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Author Topic: Bees  (Read 1810 times)

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AGelbert

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Re: Bees
« on: November 29, 2014, 05:25:02 pm »

Bombus pratorum

How the Humblebee became the Bumblebee     

The bumblebee was traditionally known as the humblebee, after naturalist Charles Darwin began observing and documenting the insects in records dating back to 1841. The name humblebee refers to the humming noise the bees make as they rapidly beat their wings while flying—it is estimated the insects can fly at speeds of approximately 10 miles (16 km) per hour.



By the early 20th century, the name gradually was phased out and replaced with the modern name of bumblebee as more scientists began to study the insects. Darwin was among the first to recognize the importance of bumblebees’ role in fertilizing plants as they collected nectar and pollen, and even noted certain plants’ risk for extinction if bumblebees disappeared and were unable to help fertilize.

More about bumblebees:

•There are an estimated 250 different species of bumblebees in the world.

•One single bumblebee nest may contain up to 400 bumblebees inhabiting the space. However, this is small compared to honey bees, which may squeeze up to 50,000 bees into one nest.

•Although bumblebees are able to bite or sting, they do not possess enough strength in their jaws to actually cause much pain to a human.

http://www.wisegeek.com/what-was-the-bumblebee-traditionally-known-as.htm

The bumble bee is the most common type of bee with around 250 different species of the bumble bee found around the world.

Despite the fact that the bumble bee can be found in many countries, it is indigenous to the Northern Hemisphere, breeding more successfully in the more temperate climates.

The bumble bee is best known for having a sting on it's tail, which the bumble bee uses to protect itself from danger. Once the bumble bee has stung something with it's sting, the sting breaks off and the bumble bee generally dies. Despite common belief, not every bumble bee has a sting, in fact the male bumble bees (known as drones) do not have a sting at all. Only the female bumble bee has a sting on it's tail.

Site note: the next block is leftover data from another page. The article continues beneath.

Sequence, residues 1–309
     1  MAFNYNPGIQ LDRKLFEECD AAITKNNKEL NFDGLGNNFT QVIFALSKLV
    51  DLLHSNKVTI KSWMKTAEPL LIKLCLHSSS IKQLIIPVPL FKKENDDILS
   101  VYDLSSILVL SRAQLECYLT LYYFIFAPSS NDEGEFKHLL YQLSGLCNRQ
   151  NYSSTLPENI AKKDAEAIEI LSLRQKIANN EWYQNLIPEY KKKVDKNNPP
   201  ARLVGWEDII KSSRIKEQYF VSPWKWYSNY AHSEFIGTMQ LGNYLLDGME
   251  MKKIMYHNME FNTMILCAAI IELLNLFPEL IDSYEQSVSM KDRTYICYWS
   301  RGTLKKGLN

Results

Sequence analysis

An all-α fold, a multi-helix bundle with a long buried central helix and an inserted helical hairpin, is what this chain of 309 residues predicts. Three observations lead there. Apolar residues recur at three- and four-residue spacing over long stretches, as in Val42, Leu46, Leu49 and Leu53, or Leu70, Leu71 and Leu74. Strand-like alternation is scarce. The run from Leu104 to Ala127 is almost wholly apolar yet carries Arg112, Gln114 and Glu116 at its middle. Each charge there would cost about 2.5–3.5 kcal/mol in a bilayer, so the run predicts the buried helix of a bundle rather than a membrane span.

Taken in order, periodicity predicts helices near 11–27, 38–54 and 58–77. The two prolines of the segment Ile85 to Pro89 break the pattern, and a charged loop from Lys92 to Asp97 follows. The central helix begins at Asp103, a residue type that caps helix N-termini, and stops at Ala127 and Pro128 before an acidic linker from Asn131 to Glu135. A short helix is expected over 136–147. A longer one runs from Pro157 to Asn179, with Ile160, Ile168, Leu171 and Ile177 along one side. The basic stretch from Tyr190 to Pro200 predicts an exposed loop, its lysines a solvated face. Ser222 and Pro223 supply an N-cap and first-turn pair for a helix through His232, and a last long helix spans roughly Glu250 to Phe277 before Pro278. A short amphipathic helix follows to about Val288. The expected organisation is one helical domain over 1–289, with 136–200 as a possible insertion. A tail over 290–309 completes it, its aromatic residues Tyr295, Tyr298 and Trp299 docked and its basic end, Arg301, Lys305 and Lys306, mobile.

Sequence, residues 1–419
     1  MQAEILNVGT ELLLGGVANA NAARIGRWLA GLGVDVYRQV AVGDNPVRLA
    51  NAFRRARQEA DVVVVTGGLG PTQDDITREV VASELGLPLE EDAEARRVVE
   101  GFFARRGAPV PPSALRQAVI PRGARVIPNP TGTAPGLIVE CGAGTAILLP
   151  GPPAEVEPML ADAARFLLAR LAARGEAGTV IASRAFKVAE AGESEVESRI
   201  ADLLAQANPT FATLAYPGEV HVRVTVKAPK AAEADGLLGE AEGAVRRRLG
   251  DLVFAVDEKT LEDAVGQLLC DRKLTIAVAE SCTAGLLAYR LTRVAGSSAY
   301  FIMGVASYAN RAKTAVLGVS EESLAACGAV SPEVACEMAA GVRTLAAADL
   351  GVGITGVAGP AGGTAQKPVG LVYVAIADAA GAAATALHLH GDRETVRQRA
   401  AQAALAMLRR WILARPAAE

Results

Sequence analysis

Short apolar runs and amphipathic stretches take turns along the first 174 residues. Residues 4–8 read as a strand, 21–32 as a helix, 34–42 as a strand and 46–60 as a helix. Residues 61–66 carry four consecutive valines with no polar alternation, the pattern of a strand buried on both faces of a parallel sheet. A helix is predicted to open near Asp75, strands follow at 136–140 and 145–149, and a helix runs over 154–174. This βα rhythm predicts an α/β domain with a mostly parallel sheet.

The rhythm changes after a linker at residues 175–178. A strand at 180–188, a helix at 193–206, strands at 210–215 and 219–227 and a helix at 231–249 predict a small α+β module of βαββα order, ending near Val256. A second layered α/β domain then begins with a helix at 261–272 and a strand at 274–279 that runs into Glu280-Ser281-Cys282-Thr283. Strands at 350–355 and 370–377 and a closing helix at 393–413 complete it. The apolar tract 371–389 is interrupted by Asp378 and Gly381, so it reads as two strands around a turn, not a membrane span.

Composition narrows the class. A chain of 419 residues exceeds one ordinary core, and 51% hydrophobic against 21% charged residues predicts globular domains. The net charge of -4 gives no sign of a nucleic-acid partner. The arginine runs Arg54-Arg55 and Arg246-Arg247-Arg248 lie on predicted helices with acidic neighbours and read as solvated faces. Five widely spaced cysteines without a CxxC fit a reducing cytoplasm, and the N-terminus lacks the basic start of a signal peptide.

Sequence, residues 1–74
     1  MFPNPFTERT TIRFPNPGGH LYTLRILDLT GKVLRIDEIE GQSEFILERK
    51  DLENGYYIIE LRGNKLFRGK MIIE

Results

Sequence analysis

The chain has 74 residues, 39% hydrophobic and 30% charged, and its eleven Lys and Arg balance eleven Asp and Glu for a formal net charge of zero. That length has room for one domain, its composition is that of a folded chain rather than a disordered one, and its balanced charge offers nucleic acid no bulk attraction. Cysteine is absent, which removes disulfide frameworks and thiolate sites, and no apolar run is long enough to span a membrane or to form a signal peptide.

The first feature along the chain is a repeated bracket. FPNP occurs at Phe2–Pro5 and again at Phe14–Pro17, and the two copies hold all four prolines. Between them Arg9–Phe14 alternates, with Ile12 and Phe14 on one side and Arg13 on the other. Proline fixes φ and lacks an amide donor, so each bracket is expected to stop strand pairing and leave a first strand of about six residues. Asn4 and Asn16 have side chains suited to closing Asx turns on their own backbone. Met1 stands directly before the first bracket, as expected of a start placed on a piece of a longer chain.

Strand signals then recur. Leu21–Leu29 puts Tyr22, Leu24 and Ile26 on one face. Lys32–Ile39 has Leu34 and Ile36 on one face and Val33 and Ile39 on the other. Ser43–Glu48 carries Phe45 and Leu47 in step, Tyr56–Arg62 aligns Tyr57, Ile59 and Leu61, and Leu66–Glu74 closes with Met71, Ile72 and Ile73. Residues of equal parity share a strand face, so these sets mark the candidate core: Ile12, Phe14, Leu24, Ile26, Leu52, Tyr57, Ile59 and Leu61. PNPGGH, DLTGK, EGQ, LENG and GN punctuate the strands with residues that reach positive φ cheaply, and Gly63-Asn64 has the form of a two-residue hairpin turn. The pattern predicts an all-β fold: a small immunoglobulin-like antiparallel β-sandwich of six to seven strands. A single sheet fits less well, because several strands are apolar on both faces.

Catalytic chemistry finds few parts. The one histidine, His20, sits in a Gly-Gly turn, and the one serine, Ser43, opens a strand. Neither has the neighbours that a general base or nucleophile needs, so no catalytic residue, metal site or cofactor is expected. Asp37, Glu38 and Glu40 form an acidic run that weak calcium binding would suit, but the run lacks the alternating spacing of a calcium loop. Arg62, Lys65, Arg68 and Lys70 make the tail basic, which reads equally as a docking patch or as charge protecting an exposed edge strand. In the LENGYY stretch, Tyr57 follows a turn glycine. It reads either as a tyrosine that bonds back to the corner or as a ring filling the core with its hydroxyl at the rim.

One of the main causes in the decline of the bumble bee populations is the fact that the places where the bumble bees nest are being disturbed often destroying the bumble bee's nest in the process.  >:(



Bumblebee nest


A caring human devises a method of helping a bumblebee queen nest



Smart bumblebee queen builds a nest in ground that is rarely disturbed. 


The bumble bee is a herbivorous animal feeding primarily on nectar. Bumble bees also eat pollen and honey when there is no nectar available. Bumble bees have numerous natural predators including birds, larger insects and amphibians such as frogs and newts.

The queen bumble bee is the one who lays the eggs. She lays her eggs in a round-shaped mound that she then seals with wax. When the baby bumbles bees (larvae) hatch they are forced to eat their way out of their sealed dome.



Bumble bees are known to play a valuable part in the eco-system as around 1/3 of what humans eat is pollinated by bees. It is estimated that around 80% of the world's crop species are dependent on the pollination by bees to survive.

Sadly due to high pollution levels and habitat loss, the bumble bee populations are rapidly declining with the bumble bee being one of the few insects that is classed as being threatened with extinction.

Human beings do not give bees the respect they deserve, as bumble bees are vital to the survival of plants which are in turn vital to the survival of humans.

http://a-z-animals.com/animals/bumble-bee/

 

Light is sown for the righteous, and gladness for the upright in heart. Ps. 97:11

 

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